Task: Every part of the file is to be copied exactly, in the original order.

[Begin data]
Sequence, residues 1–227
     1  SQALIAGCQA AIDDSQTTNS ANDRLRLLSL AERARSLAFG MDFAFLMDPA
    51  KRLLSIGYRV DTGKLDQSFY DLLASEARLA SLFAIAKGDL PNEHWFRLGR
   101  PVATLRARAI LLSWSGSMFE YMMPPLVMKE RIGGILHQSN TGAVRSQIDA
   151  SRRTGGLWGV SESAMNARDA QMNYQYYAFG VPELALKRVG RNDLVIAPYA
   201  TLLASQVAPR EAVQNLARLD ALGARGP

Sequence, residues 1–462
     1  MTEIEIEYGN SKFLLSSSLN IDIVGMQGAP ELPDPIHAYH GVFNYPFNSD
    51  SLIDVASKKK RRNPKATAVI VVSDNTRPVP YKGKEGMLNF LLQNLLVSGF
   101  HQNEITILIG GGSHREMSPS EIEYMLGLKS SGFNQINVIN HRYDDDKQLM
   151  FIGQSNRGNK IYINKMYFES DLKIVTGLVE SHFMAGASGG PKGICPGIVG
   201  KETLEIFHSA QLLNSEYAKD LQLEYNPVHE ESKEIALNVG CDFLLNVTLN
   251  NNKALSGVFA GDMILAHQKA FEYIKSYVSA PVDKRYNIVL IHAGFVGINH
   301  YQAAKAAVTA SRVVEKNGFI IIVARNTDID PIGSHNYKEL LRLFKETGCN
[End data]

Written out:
Sequence, residues 1–227
     1  SQALIAGCQA AIDDSQTTNS ANDRLRLLSL AERARSLAFG MDFAFLMDPA
    51  KRLLSIGYRV DTGKLDQSFY DLLASEARLA SLFAIAKGDL PNEHWFRLGR
   101  PVATLRARAI LLSWSGSMFE YMMPPLVMKE RIGGILHQSN TGAVRSQIDA
   151  SRRTGGLWGV SESAMNARDA QMNYQYYAFG VPELALKRVG RNDLVIAPYA
   201  TLLASQVAPR EAVQNLARLD ALGARGP

Sequence, residues 1–462
     1  MTEIEIEYGN SKFLLSSSLN IDIVGMQGAP ELPDPIHAYH GVFNYPFNSD
    51  SLIDVASKKK RRNPKATAVI VVSDNTRPVP YKGKEGMLNF LLQNLLVSGF
   101  HQNEITILIG GGSHREMSPS EIEYMLGLKS SGFNQINVIN HRYDDDKQLM
   151  FIGQSNRGNK IYINKMYFES DLKIVTGLVE SHFMAGASGG PKGICPGIVG
   201  KETLEIFHSA QLLNSEYAKD LQLEYNPVHE ESKEIALNVG CDFLLNVTLN
   251  NNKALSGVFA GDMILAHQKA FEYIKSYVSA PVDKRYNIVL IHAGFVGINH
   301  YQAAKAAVTA SRVVEKNGFI IIVARNTDID PIGSHNYKEL LRLFKETGCN